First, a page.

Fluoroscopic image guided orthopaedic surgery system with intraoperative registration
US 6477400 B1
A fluoroscopic image guided surgery system, comprising a C-arm fluoroscope for obtaining fluoroscopic images of an object bone, the C-arm fluoroscope including at least one set of emitters; a reference bar capable of attaching to an object bone, the reference bar including emitters; a surgical instrument for performing an operation, the instrument including emitters; a digitizer system in communication with the at least one set of emitters of the C-arm fluoroscope, the emitters of the reference bar, and the emitters of the surgical instrument so that the digitizer system can determine a position of each of the C-arm fluoroscope, the reference bar, and the surgical instrument; and a single fiducial marker for attachment to an object bone, the single fiducial marker being visible in the fluoroscopic images for determining a position of an object bone relative to the digitizer system.
What is claimed is:
1. A fluoroscopic image guided surgery system comprising:
a C-arm fluoroscope for obtaining fluoroscopic images of an object bone, the C-arm fluoroscope including at least one set of radiators;
a reference bar capable of attaching to the object bone, the reference bar including radiators;
a surgical instrument for performing an operation, the instrument including radiators;
a position sensor capable of sensing the at least one set of radiators of the C-arm fluoroscope, the radiators of Fe reference bar, and the radiators of the surgical instrument so that the position sensor can determine a position of at least one of the C-arm fluoroscope and the surgical instrument with respect to the reference bar; and
only one fiducial marker for attachment to the object bone, the one fiducial marker and a shape of the object bone being visible in the fluoroscopic images wherein only the one fiducial marker and the shape of the object bone are used for determining a position of the object bone relative to the position sensor.
2. The system of claim 1, wherein the radiators are emitters.
3. The system of claim 1, wherein the radiators are LED emitters.
4. The system of claim 1, wherein the C-arm fluoroscope comprises an x-ray generator and an x-ray receiver.
5. The system of claim 1, further comprising a computer program for determining a plane in which a patient body lies in relation to the reference bar.
6. The system of claim 1, wherein the at least one set of radiators of the C-arm fluoroscope comprises two sets of radiators.
7. The system of claim 1, wherein the position sensor comprises a digitizer system.
8. The system of claim 7, wherein the digitizer system comprises an optical digitizer camera.
9. A fluoroscopic image guided surgery system, comprising:
a fluoroscopic imager for generating an image of a region of a patient, at least one radiator being positioned on the fluoroscopic imager;
a surgical instrument capable of being positioned proximate the region, at least one radiator being positioned on the surgical instrument;
a reference device capable of positioning In the region of the patient, at least one radiator being positioned in the reference device:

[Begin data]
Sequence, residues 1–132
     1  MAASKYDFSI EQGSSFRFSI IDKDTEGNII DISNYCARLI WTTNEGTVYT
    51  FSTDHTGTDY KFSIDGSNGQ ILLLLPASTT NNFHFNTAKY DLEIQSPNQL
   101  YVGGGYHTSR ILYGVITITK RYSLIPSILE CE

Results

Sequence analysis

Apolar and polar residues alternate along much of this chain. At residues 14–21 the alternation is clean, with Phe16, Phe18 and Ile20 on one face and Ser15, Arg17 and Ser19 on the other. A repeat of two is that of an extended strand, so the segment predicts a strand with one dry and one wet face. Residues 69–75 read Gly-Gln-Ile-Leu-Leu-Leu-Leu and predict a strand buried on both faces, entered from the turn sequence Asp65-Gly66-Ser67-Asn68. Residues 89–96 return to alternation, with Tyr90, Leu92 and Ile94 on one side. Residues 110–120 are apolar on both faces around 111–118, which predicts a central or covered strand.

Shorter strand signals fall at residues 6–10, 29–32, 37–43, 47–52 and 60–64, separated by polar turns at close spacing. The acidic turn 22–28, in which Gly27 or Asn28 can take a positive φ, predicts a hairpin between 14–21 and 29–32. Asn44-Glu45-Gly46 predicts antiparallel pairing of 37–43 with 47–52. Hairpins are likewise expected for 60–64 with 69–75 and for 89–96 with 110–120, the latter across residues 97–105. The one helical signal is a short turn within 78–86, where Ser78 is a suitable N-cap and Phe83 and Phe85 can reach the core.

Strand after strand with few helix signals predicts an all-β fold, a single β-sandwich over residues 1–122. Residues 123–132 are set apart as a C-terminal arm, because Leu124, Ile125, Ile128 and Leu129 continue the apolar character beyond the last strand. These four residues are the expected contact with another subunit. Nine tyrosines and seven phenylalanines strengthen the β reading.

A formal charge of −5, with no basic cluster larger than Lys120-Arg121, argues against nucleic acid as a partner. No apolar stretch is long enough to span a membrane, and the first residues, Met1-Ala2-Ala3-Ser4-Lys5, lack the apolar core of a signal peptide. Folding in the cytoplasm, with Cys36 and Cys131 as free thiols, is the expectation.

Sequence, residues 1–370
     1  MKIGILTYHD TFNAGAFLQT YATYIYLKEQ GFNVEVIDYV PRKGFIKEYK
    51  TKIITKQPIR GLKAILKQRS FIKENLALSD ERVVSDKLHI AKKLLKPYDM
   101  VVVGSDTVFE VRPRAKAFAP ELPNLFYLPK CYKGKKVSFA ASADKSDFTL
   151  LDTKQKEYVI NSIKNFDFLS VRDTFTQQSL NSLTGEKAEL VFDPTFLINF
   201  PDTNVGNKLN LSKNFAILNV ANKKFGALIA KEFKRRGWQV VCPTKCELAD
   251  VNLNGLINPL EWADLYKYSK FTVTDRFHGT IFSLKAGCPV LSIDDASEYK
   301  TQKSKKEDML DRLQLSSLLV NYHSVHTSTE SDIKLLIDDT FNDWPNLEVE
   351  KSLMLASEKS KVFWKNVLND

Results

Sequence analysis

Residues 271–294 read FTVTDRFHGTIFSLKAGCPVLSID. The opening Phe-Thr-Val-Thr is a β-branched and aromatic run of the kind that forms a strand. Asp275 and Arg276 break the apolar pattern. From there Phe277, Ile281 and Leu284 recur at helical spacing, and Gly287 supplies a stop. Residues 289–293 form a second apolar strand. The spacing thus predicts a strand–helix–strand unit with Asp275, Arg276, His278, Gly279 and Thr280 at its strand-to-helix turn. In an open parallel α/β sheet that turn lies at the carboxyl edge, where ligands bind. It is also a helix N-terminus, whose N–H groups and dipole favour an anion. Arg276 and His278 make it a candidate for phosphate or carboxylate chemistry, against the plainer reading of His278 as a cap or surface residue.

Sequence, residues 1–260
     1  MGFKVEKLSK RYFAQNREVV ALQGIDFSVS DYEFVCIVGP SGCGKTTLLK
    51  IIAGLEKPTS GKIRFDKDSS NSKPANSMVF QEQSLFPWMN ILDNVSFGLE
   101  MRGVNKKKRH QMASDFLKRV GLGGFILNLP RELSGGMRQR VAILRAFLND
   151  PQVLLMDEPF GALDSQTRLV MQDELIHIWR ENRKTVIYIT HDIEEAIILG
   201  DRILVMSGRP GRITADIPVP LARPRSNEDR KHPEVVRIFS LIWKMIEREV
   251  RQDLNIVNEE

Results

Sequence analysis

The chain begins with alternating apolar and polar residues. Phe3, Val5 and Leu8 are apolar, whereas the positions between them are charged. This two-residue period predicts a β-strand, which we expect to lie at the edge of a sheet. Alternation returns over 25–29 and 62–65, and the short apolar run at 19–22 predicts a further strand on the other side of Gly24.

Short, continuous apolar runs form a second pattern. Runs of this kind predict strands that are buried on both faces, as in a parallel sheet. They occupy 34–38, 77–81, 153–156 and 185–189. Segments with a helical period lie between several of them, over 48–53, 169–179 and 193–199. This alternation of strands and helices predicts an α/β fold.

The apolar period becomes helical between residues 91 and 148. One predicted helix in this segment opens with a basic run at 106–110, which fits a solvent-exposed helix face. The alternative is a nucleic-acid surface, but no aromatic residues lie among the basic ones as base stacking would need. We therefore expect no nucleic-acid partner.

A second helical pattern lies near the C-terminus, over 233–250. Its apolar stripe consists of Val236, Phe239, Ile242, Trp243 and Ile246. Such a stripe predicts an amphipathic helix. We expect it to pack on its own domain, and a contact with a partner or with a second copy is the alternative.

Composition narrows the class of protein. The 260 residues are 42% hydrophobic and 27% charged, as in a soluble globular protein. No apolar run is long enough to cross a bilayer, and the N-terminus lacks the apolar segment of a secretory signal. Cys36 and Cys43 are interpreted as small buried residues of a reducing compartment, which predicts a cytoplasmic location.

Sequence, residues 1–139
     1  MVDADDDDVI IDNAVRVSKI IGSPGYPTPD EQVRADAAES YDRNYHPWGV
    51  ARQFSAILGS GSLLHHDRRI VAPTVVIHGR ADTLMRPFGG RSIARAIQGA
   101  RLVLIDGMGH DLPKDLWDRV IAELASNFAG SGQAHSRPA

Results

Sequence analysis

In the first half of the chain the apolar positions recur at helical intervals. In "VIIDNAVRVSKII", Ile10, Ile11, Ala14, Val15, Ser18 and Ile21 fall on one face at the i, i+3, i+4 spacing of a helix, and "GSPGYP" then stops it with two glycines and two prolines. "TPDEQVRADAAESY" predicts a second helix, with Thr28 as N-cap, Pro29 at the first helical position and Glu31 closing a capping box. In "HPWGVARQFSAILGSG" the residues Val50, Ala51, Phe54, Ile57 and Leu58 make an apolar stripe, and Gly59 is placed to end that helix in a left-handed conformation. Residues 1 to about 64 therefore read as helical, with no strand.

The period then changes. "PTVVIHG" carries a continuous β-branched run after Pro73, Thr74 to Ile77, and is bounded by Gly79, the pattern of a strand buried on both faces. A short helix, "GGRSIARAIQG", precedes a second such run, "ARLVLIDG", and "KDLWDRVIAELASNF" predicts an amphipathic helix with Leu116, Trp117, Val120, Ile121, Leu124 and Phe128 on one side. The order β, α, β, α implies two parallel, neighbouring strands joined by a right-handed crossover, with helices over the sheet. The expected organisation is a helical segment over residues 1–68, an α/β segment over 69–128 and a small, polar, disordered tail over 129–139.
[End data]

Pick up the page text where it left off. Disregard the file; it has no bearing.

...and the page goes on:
a position sensor for sensing signals emitted by radiators of the fluoroscopic Imager, the surgical Instrument, and the reference device, and for determining positions of at least one of the fluoroscopic imager and the surgical instrument with respect to the reference device;
only one fiducial marker for attachment to the region, the one fiducial marker and a shape of the region being visible in the fluoroscopic images, wherein only the one fiducial marker and the shape of the region are used for determining a position of the region relative to the position sensor; and
a monitor for displaying the image of the region produced by the fluoroscopic imager and the position of the surgical instrument overlaying the image in near real time for continually monitoring a position of the surgical instrument.
10. The system of claim 9, wherein the radiators are emitters.
11. The system of claim 9, wherein the radiators are LED emitters.
12. The system of claim 9, wherein the position sensor comprises a digitizer system.
13. The system of claim 12, further comprising a computer programmed to match images from the fluoroscope image to effect a two-dimensional image registration.
14. The system of claim 9, further comprising a computer programmed to match images from the fluoroscopic imager to effect a two-dimensional image registration.
15. The system of claim 9, wherein the fluoroscopic imager is a C-arm fluoroscope.
16. A method of performing fluoroscopic image guided surgery with Intraoperative registration, comprising the steps of:
attaching a reference device to an object bone in a region of a patient, the reference device having a first set of radiators;
obtaining at least one fluoroscopic image of the region, the Image being obtained by a fluoroscopic imager having a second set of radiators;
determining a position of the fluoroscopic imager relative to the reference device for the at least one fluoroscopic Image by detecting signals from the first and second set of radiators using a position sensor;
storing the at least one fluoroscopic image and the fluoroscopic imager position;
placing a surgical instrument proximate to the region, the surgical Instrument having a third set of radiators;
determining a position of the surgical instrument relative to the reference device by detecting signals from the first and third set of radiators using a position sensor;
attaching only one fiducial marker to the object bone;